The Path to Ground Zero's Success

Many board shops come and go, but this local business has steadily grown.

Brendan Mohr has spent more than two decades skateboarding in Fair Oaks, ultimately paving the way to open up boardshops in Roseville.

The 35-year-old co-owner of , a retail skate, snow and skimboard shop with four locations throughout the greater Sacramento area, grew up attending Fair Oaks Elementary as well as . He credits the community as the training grounds for a life-long passion with action sports - a passion he can now help hone in a new generation.

Mohr can recall his early days; skateboarding around Fair Oaks neighborhoods on a board he cobbled together from spare parts his friends gave him.

“I didn't grow up very wealthy, I would piece together parts, buy them off of people I knew at school, then eventually had a complete (skateboard) and got into it," Mohr said. "It was really a lifestyle that didn't exist in other places, skateboarding is a California thing that has expanded throughout the world."

Shortly after graduating from Del Campo High School, Mohr, along with friend Seth Sternin, noticed a need for a stand-up, rider-owned-and-operated board and clothing store in the Sacramento area. 

In 1997, the then 20-year-old Mohr and 21-year-old Sternin made the decision to open the first Ground Zero Boardshop in Davis. At the time, Sternin was attending UC Davis and noticed there was a high demand for a retail shop that catered to the likes of the skateboarding and snowboarding community.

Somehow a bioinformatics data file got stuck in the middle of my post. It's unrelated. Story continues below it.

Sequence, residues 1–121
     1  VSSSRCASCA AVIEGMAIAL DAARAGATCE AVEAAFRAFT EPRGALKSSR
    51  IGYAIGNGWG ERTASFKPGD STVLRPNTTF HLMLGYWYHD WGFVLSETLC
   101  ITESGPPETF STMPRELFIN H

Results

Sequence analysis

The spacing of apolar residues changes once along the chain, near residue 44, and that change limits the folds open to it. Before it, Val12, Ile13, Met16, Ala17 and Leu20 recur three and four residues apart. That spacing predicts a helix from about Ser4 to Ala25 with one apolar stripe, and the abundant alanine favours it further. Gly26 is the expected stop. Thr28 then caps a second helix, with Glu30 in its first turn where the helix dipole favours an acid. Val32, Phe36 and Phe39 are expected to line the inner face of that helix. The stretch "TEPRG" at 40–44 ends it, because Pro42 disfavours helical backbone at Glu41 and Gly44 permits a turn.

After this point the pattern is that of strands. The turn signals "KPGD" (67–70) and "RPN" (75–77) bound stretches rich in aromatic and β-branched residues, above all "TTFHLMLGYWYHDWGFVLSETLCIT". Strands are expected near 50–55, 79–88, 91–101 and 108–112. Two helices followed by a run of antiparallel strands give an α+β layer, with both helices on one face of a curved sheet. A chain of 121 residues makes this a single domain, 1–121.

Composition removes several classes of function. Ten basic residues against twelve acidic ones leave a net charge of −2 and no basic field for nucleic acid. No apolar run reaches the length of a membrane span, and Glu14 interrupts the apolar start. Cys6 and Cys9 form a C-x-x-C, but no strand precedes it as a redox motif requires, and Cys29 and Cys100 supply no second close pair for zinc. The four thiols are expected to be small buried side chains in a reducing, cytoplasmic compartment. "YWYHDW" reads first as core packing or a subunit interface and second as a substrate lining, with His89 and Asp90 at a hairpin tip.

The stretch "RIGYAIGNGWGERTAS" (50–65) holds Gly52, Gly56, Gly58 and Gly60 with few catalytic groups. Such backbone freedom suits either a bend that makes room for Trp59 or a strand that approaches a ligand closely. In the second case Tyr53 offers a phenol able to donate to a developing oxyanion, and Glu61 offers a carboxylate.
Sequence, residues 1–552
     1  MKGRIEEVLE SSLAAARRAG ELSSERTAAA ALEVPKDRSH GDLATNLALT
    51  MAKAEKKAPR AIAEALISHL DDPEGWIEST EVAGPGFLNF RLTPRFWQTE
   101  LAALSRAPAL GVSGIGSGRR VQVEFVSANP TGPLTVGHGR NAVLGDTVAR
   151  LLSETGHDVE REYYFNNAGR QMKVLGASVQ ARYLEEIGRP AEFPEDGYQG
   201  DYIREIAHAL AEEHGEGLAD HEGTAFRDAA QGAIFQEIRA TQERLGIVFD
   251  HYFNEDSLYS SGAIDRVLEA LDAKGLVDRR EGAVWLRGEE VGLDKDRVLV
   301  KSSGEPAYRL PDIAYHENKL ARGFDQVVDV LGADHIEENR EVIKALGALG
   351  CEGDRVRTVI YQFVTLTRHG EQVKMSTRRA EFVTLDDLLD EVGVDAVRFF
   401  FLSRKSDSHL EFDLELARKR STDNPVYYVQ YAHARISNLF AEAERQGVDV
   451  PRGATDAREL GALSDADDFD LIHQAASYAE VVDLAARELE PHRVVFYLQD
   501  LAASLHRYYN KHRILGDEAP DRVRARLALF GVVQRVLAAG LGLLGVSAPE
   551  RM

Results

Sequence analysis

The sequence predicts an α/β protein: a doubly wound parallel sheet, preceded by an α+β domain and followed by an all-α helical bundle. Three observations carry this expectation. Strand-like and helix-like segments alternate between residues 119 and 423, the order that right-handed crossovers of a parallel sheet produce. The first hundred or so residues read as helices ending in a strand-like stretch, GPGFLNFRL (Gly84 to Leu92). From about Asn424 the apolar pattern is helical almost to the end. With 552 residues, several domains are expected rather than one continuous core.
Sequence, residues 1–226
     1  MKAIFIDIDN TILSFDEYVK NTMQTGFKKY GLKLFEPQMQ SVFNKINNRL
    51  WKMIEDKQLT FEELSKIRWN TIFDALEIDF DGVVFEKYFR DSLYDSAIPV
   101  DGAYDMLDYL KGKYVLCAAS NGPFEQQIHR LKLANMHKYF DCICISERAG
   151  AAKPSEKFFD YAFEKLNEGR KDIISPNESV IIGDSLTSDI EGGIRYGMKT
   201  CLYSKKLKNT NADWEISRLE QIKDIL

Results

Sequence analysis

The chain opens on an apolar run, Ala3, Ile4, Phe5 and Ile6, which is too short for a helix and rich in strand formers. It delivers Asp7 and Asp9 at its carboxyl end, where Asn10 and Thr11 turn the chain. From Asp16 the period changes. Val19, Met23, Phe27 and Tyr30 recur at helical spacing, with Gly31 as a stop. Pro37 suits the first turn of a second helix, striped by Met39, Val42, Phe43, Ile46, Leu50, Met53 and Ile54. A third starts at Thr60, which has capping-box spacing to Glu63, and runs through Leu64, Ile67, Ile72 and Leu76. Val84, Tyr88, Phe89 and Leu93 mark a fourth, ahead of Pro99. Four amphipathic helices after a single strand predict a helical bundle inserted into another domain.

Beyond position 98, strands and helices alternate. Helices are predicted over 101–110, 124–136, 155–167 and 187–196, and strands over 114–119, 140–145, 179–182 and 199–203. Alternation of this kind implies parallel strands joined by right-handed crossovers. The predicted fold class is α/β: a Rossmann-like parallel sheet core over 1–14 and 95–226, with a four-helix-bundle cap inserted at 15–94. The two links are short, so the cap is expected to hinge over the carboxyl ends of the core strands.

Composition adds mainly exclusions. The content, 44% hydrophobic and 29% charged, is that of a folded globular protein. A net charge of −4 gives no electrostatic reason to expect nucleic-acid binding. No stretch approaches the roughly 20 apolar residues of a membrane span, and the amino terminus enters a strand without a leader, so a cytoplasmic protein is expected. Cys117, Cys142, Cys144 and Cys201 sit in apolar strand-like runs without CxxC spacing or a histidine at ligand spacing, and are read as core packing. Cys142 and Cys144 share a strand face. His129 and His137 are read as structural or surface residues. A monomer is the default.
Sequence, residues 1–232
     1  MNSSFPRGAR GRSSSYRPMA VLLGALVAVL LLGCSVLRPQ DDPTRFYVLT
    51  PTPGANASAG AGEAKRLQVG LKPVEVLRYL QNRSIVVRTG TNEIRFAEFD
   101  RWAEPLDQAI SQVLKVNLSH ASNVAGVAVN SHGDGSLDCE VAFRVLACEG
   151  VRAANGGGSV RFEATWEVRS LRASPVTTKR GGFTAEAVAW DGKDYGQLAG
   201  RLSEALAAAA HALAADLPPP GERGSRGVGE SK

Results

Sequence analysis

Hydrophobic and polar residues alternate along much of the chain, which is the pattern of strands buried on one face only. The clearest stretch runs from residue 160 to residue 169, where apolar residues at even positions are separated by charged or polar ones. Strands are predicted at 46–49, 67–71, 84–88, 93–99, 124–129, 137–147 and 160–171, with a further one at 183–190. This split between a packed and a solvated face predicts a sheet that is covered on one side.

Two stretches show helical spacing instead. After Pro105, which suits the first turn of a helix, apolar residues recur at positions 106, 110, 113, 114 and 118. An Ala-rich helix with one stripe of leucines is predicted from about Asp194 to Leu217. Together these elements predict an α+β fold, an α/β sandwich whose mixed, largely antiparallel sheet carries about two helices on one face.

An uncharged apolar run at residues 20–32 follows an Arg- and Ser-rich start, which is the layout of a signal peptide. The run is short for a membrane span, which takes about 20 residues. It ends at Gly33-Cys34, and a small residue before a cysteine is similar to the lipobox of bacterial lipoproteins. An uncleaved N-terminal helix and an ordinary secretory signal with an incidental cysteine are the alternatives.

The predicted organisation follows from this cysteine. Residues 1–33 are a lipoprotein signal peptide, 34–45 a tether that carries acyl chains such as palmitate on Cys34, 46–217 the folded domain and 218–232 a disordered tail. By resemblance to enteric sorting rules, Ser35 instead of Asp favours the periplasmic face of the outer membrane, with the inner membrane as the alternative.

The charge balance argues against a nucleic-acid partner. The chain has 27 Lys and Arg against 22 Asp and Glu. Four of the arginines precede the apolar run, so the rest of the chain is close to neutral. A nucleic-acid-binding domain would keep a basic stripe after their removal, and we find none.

"Little board shops would open up here and there but would always go out of business," Mohr said. "There are fundamental business reasons why they ended up going out of business. We really analyzed what would work in Davis; when I was 18 we made the decision to do it and opened up after two years of planning."

The Davis location found success and it would be just a few years after opening the first store that Mohr and Sternin would open a second location in Roseville. 

To date, the Ground Zero franchise has expanded to four locations: Davis, Roseville, Natomas and Arden. A second Roseville store opened in the Galleria last summer for a short time, but has since closed.

Mohr says that although economic times are rough, business is still steady.

“The current state of the economy has stunted our growth; there is not really room to expand in an economy like this," Mohr explained. "We still have plans for the future; hopefully we’ll expand further."

Growing up a skateboarder and snowboarder, Mohr knows first-hand the need for local companies to support the ever-growing scene. Ground Zero not only sponsors 15 local talents in skateboarding, snowboarding and skimboarding the store hosts demos, competitions and events for each.

"We just held a free Hyperlite Wakeboard demo last week that was open to anyone," Mohr said. "We will be having a skimboard competition and demo for all ages at the Arden store the last weekend in July. Sign up for our newsletter on the website to stay up to date with all our events, sales and goings on."

Authors Notes: Ground Zero Boardshop recently won first-place on the KCRA news A-List for Best Men's Clothing and placed second behind Nordstroms for best men's shoes.


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